A Family Album Is One for the History Books





The old photo albums were such a familiar part of the Woods family’s Adirondack camp that no one paid them much notice. But when the 21-year-old James T. Stever took a closer look at the nearly 1,000 rare photographs that his great-great-grandfather Harry Fowler Woods had taken a century ago, he saw them with fresh eyes.

The sepia-toned black-and-white pictures showed candid moments from a groundbreaking diplomatic mission to the Far East, which William Howard Taft and a large entourage of congressmen, senators, businessmen and others made in 1905 at the behest of President Theodore Roosevelt. Mr. Woods, an amateur photographer and businessman who was a friend of Taft’s from their native Cincinnati, captured the heady atmosphere of the three-month trip with the new hand-held cameras that had just come on the market.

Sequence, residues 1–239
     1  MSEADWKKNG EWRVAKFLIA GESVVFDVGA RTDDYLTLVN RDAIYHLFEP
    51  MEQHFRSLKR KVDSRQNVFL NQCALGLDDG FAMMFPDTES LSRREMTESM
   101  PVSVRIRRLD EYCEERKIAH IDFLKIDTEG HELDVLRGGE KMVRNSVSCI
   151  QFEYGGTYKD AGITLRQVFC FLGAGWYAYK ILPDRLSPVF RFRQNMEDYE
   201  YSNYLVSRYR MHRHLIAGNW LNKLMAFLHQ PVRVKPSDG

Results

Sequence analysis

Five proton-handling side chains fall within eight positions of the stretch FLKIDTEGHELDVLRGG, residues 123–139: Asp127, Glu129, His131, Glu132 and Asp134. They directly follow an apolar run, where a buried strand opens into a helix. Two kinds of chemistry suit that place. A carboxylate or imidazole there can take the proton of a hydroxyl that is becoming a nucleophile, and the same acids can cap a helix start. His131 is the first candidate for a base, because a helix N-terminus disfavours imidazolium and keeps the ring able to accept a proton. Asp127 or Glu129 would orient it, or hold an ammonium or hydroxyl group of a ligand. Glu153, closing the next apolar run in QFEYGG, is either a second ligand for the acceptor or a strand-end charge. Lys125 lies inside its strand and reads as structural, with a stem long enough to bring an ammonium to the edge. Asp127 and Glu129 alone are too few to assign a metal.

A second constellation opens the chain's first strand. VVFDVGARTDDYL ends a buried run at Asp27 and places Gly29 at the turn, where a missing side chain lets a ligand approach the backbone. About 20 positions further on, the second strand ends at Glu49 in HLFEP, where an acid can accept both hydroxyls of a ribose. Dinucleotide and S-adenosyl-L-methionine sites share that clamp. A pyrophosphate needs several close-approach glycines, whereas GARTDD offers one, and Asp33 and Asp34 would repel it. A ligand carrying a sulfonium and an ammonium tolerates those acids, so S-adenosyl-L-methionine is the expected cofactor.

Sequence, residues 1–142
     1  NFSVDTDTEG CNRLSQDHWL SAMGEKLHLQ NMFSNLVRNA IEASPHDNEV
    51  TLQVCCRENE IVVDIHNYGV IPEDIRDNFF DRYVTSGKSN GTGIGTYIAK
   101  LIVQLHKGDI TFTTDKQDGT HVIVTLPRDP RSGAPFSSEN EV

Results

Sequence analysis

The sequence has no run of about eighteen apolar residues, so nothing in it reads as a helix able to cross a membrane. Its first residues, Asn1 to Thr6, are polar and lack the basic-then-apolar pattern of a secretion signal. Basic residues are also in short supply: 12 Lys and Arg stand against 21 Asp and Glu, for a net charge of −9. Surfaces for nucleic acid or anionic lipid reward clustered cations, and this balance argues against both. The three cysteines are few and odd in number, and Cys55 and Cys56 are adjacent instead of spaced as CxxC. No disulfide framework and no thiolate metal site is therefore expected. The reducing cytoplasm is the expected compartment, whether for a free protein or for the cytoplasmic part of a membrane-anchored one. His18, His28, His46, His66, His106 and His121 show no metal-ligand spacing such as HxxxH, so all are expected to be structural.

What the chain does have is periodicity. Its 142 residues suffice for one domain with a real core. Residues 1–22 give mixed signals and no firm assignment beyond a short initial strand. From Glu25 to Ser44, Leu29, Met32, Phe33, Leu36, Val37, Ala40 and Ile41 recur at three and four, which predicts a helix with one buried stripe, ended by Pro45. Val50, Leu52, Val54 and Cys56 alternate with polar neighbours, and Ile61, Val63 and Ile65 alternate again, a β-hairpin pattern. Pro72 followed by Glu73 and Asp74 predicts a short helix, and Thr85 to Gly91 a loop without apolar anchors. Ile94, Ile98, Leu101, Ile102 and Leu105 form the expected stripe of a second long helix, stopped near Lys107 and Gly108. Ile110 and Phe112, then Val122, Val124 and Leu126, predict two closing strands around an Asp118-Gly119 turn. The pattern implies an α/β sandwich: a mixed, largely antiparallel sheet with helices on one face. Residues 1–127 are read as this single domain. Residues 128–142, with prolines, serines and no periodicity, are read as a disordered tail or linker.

When Mr. Stever came across the pictures in 2004, along with Mr. Woods’s neatly typed captions, he was unaware that they documented a pivotal time in America’s diplomatic past, a moment when the country was beginning to flex its imperialist muscles. But he quickly realized that the images were deteriorating.


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